Controlling condensation?


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Old 10-04-08, 09:55 AM
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Controlling condensation?

We have a very large 6 pane window system in our bedroom. These windows have been problematic since we bought this house. These windows are roughly 30" square making a 5' high window. (Double or stacked row).

The problem we are having is the level of condensation which is destroying the wood casings & trim. I've just replace three of the sealed units which still sweat with the approaching cooler weather.

The factors I see causing this are;

1 - The blinds we close over these windows cause the most trouble. We never close the curtains over any other windows in the house (There are two more sets of these huge windows) and never have the same problems. If we leave the blinds open all day they stay clear.

2 - This room has only one floor vent, and is at the end of a long hall. It is the coldest room in the house. Especially when the door is closed all day. (Pets and kids) - Very little airflow.

I was thinking of mounting or projecting the blinds 3-4" away from the wall, so the air from the floor register can pass over them. If I have to, I'll concider adding a long electric baseboard heater underneath.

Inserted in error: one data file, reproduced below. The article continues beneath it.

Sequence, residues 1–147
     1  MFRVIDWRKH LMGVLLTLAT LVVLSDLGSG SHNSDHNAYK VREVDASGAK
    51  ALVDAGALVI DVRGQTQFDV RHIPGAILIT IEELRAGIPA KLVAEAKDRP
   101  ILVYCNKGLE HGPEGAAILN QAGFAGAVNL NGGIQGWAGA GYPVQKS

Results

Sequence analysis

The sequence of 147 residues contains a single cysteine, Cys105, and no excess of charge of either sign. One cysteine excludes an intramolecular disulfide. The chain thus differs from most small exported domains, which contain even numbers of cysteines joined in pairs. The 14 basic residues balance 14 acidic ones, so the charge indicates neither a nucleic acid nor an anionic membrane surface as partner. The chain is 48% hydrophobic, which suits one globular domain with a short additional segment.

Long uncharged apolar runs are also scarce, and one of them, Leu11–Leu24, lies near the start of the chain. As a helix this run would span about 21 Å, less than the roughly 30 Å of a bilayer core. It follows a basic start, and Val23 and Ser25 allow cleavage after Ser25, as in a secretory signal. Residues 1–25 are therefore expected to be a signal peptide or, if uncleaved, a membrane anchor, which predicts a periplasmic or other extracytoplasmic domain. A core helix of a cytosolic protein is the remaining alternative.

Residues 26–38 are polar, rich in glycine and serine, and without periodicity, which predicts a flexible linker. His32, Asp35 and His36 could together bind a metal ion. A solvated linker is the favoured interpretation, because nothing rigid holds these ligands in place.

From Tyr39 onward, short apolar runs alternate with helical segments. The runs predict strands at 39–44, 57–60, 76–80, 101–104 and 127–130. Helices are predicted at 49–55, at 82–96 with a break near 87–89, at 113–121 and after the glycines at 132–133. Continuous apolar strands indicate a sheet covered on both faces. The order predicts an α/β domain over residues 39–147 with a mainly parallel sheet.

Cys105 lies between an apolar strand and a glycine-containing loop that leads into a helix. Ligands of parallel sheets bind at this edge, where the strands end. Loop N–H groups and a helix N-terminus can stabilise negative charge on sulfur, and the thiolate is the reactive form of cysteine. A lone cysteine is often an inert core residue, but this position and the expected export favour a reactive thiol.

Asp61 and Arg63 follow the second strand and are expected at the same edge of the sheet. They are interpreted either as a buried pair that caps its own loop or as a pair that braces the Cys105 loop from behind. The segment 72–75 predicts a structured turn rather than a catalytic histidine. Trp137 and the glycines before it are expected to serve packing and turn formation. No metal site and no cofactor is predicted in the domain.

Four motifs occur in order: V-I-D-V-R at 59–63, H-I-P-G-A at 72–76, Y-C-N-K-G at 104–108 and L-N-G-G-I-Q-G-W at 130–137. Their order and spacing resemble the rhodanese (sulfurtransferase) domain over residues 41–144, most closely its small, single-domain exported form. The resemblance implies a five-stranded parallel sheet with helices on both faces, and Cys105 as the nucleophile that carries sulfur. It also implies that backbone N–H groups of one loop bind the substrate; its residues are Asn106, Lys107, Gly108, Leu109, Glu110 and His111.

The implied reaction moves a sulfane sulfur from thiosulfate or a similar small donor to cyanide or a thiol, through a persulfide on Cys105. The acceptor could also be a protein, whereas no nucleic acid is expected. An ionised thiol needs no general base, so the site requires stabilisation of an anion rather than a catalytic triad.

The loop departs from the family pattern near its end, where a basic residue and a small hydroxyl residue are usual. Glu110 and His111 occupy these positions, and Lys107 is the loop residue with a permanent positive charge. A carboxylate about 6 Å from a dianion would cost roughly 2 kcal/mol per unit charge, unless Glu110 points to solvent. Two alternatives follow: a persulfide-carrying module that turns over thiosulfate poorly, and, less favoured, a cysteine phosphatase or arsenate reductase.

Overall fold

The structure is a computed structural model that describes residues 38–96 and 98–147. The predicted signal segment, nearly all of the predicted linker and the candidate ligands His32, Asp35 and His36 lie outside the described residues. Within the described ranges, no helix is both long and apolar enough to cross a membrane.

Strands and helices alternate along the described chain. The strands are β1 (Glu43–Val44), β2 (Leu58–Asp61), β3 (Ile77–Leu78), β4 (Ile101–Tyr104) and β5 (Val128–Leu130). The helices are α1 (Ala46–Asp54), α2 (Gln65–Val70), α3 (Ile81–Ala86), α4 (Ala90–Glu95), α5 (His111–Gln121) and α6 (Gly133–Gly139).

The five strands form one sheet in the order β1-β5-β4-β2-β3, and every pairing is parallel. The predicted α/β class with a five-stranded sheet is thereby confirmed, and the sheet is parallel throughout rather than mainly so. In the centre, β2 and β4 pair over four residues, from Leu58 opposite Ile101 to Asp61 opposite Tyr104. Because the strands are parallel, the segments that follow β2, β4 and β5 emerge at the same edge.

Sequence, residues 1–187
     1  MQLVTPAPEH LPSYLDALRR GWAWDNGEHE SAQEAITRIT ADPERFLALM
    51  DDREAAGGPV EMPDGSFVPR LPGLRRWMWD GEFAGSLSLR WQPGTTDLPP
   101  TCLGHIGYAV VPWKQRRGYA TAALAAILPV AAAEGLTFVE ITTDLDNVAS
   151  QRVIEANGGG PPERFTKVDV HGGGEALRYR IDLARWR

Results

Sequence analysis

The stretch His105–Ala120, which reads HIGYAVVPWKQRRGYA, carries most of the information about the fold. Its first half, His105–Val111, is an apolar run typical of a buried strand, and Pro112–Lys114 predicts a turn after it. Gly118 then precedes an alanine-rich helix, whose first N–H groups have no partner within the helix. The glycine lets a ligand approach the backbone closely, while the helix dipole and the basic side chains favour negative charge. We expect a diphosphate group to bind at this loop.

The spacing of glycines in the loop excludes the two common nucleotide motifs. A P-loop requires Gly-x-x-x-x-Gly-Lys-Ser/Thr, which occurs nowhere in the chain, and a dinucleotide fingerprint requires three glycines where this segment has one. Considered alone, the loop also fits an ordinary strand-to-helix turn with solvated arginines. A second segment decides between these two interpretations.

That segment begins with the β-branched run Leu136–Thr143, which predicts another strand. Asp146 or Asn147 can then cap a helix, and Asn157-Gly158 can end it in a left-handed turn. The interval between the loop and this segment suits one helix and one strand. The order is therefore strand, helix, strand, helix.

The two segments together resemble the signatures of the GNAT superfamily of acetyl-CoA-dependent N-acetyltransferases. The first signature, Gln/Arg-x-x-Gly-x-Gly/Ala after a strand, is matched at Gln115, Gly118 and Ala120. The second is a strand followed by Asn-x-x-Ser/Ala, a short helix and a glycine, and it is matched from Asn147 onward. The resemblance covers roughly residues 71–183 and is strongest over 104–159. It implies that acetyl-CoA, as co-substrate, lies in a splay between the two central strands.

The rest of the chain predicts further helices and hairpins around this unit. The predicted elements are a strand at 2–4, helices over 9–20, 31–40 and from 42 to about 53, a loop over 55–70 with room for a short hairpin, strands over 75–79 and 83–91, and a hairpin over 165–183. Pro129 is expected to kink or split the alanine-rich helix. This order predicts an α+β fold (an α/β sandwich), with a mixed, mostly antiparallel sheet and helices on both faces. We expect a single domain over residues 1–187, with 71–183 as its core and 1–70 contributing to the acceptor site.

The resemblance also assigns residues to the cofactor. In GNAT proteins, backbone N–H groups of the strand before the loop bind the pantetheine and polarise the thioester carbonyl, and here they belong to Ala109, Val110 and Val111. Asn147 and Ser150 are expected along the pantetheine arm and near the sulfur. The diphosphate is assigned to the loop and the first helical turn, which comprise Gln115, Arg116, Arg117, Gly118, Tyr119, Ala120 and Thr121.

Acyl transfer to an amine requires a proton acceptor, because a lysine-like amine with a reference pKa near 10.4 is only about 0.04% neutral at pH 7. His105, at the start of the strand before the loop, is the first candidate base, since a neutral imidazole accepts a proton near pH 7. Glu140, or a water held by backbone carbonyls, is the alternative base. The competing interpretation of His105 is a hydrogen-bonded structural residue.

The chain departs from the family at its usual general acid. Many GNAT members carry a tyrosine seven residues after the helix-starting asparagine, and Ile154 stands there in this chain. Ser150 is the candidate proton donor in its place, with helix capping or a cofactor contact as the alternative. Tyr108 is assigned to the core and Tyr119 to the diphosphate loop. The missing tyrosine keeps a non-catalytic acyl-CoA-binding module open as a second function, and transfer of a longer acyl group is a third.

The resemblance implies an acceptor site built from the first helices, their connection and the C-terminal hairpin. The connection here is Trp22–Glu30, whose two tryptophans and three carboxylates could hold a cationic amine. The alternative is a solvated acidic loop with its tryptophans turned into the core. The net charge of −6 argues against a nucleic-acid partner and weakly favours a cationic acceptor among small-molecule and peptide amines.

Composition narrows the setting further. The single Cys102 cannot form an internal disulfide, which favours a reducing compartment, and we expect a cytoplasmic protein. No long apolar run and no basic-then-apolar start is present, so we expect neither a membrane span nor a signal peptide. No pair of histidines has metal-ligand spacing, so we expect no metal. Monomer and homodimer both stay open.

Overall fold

Any thoughts?
 
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Old 10-04-08, 10:13 AM
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Controlling condensation?

You are on the right track.

Condensation is a result of air sitting avainst the panes, permitting condensation. - Moving the blinds out is not the only solution, but the circulation within the room and the whole house is very important.

Your humidity is too high for the room temperature.

DYou said you have one "vent". I assume you mean supply. Do you have adequate returns in the room to permit the proper flow of air in the room? Rooms on the end of a run are usually colder, which reduces the temperature of the air in contact with the glass, casing condensation. Air cannot hold moisture when it gets cool, so it is easy to create condensation.

Keep in mind that a window is a hole in a wall and nothing in terms of extra panels, gases will not make a real apprciable difference compared to the wall. You are just making something bad a little less bad. You would not have condensation without windows, but they are needed. Stale/uncirculated air can hold more moisture and will make condensation easier.

Dick
 
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Old 10-04-08, 11:54 AM
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Thanks Dick, one supply vent is correct. There is 2 cold air returns in the room, but our furnace isn't one that circulates air at a low speed when not calling for heat. (I wish I had my time back on that one...would have opted for a better one)

I just put in a ceiling fan that we will try running on low speed for the season. maybe that will help too.
 
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Old 10-04-08, 01:38 PM
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Reducing RH will solve they window condensation.
 
 

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